I came across a very interesting article I have found in The Times of India which I have decided to publish part of the article. I agree completely in what the article says and I am sure most of you will too:
In order to tackle the problem of the terror of Jihadism, one needs to understand the nature of this jihadi virus. By its very character it is able to quickly latch on to grievances through the narrative of injustice. While Islam indeed extols believers to fight against oppression and discrimination, it also abjures the use of violence for achieving one’s goals. But the proponents of jihadi extremism cleverly elide over the latter while emphasising the former.
Since all Islamist terrorist groups derive inspiration from distorted theology, the antidote lies in propagating true Islam. Extremist ideology needs to be countered with moderate ideology. In this regard, the North African constitutional monarchy of Morocco is pioneering the fight against the jihadi virus through the battle of ideas. The country’s Muhammadan League of Scholars is doing exemplary work in strengthening a brand of Islam that is rooted in the Quran but also the product of reason and contextual interpretation. Such moderate Islam has no conflict with modern life despite its grounding in theological teachings. Indeed, it is adherence to this interpretation of Islam that has largely staved off the jihadi virus from infecting Morocco.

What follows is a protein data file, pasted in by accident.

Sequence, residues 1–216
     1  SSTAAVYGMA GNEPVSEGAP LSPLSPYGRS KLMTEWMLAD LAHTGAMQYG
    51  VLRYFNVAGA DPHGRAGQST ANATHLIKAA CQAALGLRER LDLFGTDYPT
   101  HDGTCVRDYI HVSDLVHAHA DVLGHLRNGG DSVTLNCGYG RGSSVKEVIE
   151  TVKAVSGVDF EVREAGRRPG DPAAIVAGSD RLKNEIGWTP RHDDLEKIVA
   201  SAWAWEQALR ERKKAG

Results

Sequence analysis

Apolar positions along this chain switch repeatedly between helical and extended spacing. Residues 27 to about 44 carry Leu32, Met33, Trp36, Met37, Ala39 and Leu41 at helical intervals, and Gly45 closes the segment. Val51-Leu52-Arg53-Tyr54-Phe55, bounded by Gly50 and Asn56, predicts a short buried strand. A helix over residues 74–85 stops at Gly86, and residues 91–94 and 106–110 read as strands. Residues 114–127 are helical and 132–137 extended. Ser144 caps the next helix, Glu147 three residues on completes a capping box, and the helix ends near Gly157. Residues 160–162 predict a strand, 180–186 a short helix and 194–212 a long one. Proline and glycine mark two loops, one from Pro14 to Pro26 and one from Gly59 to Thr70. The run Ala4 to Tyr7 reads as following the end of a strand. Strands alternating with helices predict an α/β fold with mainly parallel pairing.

Add to this Morocco’s King Mohammed VI’s farsighted foreign policy vision that has guided Rabat to facilitate training of imams from neighbouring African nations in its own moderate Maliki Islam. Such an initiative is bound to have a ripple effect throughout the African continent and counter jihadi Islamist tendencies. And given that almost all jihadi groups are networked and rely on each other for material and ideological support, Morocco’s push for moderate Islam strikes at the very root of the problem.
The international community must support Morocco’s efforts as Rabat, in its own unique way, tries to turn the tide of extremism that is threatening Middle East and North Africa. The challenge is humongous and the solution requires years of patience. But Morocco’s pioneering work could eventually shift the balance of power in the battle of ideas between extremist Islam and moderate Islam. Success on this front will automatically deny oxygen to jihadi terror groups wherever they are, making it easier for security forces to demolish their networks. This in turn should facilitate inclusive economic development to pull the rug from under groups such as Boko Haram.
Finally, India, which is deeply concerned about the spectre of jihadi terror looming over its neighbourhood and has significant stakes in Africa, should take cognisance of Morocco’s efforts. Both countries should enhance bilateral cooperation to strengthen the international security framework against global Islamist terrorism.
The Times of India